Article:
At NC Partnering we hold the confident view that wood and other prime biomass should be utilised for maximum value creation in the bioeconomy. In past Newsletters and speeches, we have argued against playing the chemicals game on the petrochemical industry’s terms, through so-called drop-in solutions where an established petro-product is replaced in isolation by a functionally similar bio-product. Our arguments have been based on common sense and economic considerations. We are therefore delighted to now bring a leading chemistry scientist’s take on this vital subject.
Dr Thomas Farmer is doing groundbreaking work at the University of York in bio-chemicals, very much laying the foundation for tomorrow’s best practices. I this first of two articles, he outlines how bio-chemicals need to be derived more through reduction than oxidation, the latter being a sort of default setting as it is the norm in most petrochemical processes.
NC: Does the fact that ‘only’ about 10% of total raw oil is converted into petrochemicals indicate that there is serious opportunity for bio-based chemicals to become equally or even more used in the foreseeable future?
TF: I think it most certainly does. Although the chemical industry only takes <10% (by volume) of the total annual production of crude oil it goes on to produce nearly half of the wealth from petroleum [1,2]. As such this shows that there is greater value in producing chemicals than fuels or energy from a resource, and the same will most likely apply when using biomass. By converting biomass to chemicals rather than fuel and energy we will be able to create more wealth, more jobs and greater prosperity
Of course mankind will always need fuel and energy, and likely always in greater volumes than we need chemicals, but certainly our burgeoning bio-based community should focus primarily in chemical production. It is true that annually the Earth produces vast quantities of new biomass, but we must always remember that most of this cannot easily be diverted to fuel, chemical and energy production. The bio-based chemical industry therefore represents an excellent opportunity to produce value from the “available” biomass, ideally using only waste biomass! It is however on this consideration that perhaps the views of various nations in Europe will differ greatly. There is no doubt that for the UK we must focus our efforts of using waste biomass as our resource for a more sustainable chemical industry as we simply do not have the available free land to divert to biomass production solely as a feedstock for chemicals. In Scandinavia the situation will be very different, where vast areas of land can, and in some instances already are, diverted entirely to the production of say wood for use in material and chemical production, such as that demonstrated by the pulp and paper mills.
There is also a functionality aspect to consider for the fuel vs. chemicals debate. By this I refer to the functional groups of the chemicals we can produce versus the functional groups in feedstocks. The typical molecular structure of base chemicals (i.e. the fundamental building-blocks of the petrochemical industry such as ethene and xylene) are devoid of any heteroatoms (oxygen, nitrogen, chlorine etc.). The basis of the current petrochemical industry is to add oxygen, nitrogen, chlorine and sulfur to these base chemicals, eventually resulting in highly functionalised products used across a vast spectrum of applications. The scenario for bio-based products in very different, and instead we will look to remove oxygen atoms from the molecular structure of the feedstock (such as cellulose, starch and glucose). This concept can be represented graphically via Van Krevelen diagrams like those below (Figures 1-3), where a comparison of petroleum base chemicals vs. bio-derived building blocks (so-called platform molecules) are clearly lcated on different areas of the map.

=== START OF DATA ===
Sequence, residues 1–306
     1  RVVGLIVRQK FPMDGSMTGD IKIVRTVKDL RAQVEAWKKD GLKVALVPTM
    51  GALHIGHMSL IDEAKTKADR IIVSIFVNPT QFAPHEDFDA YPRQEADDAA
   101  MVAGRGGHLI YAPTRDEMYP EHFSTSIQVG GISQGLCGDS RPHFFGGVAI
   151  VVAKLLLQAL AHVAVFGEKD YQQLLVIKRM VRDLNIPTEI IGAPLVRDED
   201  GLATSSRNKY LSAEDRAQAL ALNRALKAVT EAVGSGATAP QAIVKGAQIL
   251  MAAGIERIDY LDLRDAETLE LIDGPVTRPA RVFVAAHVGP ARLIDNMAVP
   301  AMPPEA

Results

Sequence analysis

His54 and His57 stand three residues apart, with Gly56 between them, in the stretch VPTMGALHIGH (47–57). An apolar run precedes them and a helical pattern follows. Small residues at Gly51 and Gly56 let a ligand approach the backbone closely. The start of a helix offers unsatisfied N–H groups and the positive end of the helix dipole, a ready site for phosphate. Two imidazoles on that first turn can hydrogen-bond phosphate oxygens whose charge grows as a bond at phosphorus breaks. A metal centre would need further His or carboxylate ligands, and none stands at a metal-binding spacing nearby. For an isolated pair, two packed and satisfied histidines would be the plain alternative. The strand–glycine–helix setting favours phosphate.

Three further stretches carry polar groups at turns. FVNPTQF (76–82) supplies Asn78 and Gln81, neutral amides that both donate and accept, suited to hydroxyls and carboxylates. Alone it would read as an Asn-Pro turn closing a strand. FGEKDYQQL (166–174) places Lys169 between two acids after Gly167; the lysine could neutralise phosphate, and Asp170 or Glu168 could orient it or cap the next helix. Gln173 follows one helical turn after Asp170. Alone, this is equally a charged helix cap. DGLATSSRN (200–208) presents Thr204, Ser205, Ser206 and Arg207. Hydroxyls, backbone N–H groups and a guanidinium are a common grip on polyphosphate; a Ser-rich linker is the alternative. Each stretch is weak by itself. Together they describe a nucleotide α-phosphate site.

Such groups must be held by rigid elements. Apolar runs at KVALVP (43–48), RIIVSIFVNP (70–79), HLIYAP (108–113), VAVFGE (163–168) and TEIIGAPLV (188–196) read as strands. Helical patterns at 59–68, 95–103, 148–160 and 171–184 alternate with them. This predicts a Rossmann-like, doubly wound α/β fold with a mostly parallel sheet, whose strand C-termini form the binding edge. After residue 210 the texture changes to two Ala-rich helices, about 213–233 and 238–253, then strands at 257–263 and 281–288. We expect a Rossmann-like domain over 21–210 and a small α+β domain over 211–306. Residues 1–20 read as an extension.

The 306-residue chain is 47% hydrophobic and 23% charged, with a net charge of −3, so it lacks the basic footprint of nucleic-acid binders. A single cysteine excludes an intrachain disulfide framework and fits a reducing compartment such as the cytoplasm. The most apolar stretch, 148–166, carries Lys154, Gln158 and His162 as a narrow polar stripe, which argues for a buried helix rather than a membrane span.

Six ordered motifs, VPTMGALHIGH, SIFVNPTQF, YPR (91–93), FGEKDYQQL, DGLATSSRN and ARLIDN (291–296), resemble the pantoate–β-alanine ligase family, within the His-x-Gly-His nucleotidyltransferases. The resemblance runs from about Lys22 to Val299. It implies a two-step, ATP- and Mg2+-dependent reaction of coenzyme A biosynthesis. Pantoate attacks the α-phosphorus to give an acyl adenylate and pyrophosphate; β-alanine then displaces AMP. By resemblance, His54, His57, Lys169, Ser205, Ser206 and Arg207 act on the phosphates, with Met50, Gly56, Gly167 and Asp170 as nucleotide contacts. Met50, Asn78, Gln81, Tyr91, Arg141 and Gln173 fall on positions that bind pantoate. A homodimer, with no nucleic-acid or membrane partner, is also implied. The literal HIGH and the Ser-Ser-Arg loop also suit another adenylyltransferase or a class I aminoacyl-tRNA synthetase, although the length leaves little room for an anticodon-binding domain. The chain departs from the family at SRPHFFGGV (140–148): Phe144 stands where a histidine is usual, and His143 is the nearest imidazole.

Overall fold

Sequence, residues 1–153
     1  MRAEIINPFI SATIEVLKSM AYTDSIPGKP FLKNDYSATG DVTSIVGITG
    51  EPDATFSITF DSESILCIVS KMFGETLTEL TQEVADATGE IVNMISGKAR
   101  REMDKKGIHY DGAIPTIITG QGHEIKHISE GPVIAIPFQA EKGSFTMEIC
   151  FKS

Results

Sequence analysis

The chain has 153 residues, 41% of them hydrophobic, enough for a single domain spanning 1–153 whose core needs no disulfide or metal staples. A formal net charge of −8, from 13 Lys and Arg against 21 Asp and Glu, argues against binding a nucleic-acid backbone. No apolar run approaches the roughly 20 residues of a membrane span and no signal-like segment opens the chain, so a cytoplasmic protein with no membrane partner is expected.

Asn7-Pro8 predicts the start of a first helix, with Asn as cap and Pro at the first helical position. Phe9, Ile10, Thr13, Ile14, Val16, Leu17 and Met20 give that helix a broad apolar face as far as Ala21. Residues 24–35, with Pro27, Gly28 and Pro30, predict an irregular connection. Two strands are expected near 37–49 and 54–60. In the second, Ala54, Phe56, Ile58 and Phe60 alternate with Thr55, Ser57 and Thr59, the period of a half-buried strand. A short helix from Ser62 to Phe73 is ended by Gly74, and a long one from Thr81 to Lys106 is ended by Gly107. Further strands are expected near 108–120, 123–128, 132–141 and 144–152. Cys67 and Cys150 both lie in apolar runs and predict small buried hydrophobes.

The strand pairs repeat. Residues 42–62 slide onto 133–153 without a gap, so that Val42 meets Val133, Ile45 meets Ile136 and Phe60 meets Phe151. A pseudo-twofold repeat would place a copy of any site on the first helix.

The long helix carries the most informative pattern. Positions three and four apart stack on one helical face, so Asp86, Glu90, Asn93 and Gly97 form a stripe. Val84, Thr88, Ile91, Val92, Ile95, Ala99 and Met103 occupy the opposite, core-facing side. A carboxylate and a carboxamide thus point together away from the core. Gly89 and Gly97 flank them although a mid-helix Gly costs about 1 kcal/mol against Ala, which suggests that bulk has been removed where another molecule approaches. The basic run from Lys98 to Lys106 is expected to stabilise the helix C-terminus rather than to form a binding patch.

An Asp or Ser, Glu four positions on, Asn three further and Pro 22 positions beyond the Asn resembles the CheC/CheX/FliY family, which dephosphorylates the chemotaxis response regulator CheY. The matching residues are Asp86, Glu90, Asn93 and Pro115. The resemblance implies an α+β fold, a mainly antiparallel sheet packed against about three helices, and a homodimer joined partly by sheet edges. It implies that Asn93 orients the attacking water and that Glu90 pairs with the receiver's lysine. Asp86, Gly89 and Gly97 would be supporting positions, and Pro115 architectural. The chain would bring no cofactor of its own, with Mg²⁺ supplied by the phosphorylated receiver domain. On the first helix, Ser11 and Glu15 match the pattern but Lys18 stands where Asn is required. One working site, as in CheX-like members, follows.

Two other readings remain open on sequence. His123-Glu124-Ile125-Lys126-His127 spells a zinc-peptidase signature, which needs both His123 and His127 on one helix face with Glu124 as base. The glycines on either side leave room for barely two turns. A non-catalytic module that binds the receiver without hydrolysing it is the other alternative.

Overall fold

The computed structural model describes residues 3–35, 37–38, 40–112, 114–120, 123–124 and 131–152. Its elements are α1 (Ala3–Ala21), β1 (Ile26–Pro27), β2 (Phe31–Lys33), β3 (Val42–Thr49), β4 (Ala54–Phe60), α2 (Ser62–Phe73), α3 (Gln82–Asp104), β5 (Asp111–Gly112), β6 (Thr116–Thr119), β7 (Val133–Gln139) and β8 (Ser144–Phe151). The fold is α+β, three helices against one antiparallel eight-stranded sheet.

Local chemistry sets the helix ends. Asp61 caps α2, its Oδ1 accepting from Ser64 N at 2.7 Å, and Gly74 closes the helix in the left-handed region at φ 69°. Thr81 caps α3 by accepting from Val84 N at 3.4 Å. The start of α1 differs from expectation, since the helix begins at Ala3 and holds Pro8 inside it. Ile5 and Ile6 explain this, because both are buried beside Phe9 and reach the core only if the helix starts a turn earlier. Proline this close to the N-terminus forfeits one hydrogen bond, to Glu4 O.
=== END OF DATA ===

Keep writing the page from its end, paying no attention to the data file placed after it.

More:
NC: Your findings seem to be pushing the search for economically viable base bio-chemicals away from oxidation towards reduction driven processes. How economically competitive do you envisage these methods becoming in the next decade, and can you indicate which of these products will reach wide commercialisation and global market share?
TF: I certainly feel very strongly that the bio-based chemical industry must seek to use the inherent functionality of biomass better, and this primarily refers to keeping as much of the oxygen content from the feedstock in the final product. If you take the example of converting glucose (C6H12O6) to ethene, via ethanol, you would have to remove all oxygen originally present in the starting material, and this represent a significant proportion of the starting mass of your feedstock being under-utilised. Our Van Krevelen like diagram (Figure 4) clearly highlights this and would suggest that this is not a wise use of the biomass feedstock.
Our current petrochemical industry has had nearly a century to optimise most of the processes it uses to add atoms such as oxygen, nitrogen and chlorine to the base chemicals. Therefore it would be unfair on the researchers working towards to removal of these elements from biomass feedstocks to be able to compete with the petrochemical industry in such as short space of time.